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      Detection of left atrial appendage thrombus by cardiac computed tomography in patients with atrial fibrillation: a meta-analysis.

      Circulation. Cardiovascular Imaging

      methods, Aged, Tomography, X-Ray Computed, ultrasonography, radiography, epidemiology, Thrombosis, Sensitivity and Specificity, ROC Curve, Predictive Value of Tests, Multidetector Computed Tomography, Middle Aged, Male, Incidence, Humans, Female, Electrocardiography, Echocardiography, Transesophageal, Cardiac-Gated Imaging Techniques, Atrial Fibrillation, Atrial Appendage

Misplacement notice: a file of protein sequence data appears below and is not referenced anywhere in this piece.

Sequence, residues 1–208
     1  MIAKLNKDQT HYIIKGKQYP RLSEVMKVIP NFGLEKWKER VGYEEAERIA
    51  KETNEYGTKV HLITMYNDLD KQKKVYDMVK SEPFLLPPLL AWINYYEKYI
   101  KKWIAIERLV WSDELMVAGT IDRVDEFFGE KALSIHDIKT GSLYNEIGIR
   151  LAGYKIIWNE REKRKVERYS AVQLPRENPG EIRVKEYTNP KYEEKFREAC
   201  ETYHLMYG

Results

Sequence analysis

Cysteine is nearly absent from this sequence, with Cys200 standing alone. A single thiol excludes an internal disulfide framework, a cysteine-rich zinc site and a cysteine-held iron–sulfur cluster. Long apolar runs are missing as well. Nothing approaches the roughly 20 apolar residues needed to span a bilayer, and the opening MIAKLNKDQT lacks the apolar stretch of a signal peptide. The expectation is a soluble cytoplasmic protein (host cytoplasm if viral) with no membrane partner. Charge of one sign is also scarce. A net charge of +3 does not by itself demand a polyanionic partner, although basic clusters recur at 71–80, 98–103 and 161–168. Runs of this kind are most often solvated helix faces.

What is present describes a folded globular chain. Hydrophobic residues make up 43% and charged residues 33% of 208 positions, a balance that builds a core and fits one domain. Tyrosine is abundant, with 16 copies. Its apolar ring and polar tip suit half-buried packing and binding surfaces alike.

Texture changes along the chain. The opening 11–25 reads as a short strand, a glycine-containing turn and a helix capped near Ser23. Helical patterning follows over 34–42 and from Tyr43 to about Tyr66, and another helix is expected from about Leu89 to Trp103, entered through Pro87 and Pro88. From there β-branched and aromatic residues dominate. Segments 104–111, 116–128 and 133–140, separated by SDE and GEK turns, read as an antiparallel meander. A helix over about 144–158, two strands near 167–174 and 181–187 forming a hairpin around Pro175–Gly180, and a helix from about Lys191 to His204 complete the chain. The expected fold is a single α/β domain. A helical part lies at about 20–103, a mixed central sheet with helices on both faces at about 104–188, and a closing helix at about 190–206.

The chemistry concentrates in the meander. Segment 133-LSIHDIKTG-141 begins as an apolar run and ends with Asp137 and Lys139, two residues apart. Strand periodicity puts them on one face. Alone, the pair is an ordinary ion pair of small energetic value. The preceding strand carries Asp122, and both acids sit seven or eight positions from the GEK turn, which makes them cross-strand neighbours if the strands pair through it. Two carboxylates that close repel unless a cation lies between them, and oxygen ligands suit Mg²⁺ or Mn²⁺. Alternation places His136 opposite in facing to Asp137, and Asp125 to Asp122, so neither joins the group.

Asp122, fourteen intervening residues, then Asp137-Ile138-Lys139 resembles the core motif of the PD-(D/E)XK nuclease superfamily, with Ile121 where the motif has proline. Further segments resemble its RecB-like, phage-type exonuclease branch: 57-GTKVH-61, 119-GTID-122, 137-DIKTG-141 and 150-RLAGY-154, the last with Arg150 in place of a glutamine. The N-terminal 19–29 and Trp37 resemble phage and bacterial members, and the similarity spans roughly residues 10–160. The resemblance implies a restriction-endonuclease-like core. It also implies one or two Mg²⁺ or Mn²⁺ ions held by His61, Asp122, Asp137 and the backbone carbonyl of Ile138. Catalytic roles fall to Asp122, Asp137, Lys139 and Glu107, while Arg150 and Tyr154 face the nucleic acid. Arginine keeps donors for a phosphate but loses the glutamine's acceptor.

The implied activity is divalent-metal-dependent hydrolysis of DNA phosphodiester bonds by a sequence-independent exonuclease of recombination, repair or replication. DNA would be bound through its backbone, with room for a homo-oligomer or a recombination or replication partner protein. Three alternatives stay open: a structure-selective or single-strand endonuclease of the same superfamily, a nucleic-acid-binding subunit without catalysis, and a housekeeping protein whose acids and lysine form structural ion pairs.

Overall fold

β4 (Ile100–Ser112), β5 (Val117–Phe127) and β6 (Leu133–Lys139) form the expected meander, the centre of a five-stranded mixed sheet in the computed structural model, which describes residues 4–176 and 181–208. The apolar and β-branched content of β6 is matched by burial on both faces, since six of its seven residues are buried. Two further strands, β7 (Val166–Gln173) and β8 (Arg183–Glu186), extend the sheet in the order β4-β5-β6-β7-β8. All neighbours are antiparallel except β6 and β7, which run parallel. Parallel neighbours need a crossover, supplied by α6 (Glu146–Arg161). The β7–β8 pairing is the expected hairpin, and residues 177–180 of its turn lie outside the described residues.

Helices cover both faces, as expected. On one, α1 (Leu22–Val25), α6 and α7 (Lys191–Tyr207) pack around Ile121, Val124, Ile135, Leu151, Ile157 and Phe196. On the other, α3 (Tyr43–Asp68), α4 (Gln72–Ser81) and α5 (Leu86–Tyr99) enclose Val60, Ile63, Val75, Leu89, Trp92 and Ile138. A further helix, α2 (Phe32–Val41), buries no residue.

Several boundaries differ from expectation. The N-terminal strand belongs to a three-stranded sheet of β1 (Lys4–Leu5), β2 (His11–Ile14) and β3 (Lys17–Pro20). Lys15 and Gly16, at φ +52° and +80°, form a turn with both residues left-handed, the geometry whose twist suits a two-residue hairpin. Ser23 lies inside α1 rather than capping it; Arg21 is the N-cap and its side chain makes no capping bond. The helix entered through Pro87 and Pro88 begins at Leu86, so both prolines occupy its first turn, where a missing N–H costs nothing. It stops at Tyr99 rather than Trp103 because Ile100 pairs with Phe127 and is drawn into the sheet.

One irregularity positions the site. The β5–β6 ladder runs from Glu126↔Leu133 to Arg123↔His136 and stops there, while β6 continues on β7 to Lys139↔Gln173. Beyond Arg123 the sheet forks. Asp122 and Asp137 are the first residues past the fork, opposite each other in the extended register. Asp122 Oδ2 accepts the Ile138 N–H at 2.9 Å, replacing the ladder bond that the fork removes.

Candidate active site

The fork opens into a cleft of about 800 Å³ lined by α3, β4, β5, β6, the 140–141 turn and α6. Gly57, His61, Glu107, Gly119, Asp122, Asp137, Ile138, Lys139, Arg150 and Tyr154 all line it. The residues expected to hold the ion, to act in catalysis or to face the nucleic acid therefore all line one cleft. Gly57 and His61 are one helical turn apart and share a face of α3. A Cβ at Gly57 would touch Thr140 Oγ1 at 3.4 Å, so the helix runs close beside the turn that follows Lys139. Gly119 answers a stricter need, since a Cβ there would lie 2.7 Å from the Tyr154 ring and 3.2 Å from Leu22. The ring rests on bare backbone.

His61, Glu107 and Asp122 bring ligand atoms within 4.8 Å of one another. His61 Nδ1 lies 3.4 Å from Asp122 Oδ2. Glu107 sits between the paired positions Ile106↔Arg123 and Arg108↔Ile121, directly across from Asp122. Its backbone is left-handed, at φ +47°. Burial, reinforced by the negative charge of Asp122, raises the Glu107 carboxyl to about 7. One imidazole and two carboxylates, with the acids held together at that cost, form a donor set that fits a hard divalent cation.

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          Transesophageal echocardiogram (TEE) is considered the gold standard modality in detecting left atrial/LA appendage (LA/LAA) thrombi. However, this is a semi-invasive procedure with rare but potential life-threatening complications. Cardiac computed tomography has been proposed as an alternative method. The purpose of this meta-analysis was to evaluate the diagnostic accuracy of cardiac computed tomography assessing LA/LAA thrombi in comparison with TEE. A systematic review of Medline, Cochrane, and Embase to look for clinical trials assessing detection of LA/LAA thrombi by cardiac computed tomography when compared with TEE in patients with a history of atrial fibrillation before electric cardioversion/pulmonary vein isolation or after cardioembolic cerebrovascular accident was performed using standard approach and bivariate analysis. Nineteen studies with 2955 patients (men, 71%; mean age, 61±4 years) fulfilled the inclusion criteria. Most studies (85%, 16 studies) used 64-slide multidetector computed tomography and 15 studies (79%) were electrocardiographic-gated. The incidence of LA/LAA thrombi was 8.9% (SD, ±7). The mean sensitivity and specificity were 96% and 92%, whereas the positive predictive value and negative predictive value were 41% and 99%, respectively. The diagnostic accuracy was 94%. In a subanalysis of studies in which delayed imaging was performed, the diagnostic accuracy significantly improved to a mean weighted sensitivity and specificity of 100% and 99%, respectively, whereas the positive predictive value and negative predictive value increased to 92% and 100%, respectively. The accuracy for this technique was 99%. Cardiac computed tomography, particularly when delayed imaging is performed, is a reliable alternative to TEE for the detection of LA/LAA thrombi/clot, avoiding the discomfort and risks associated with TEE.

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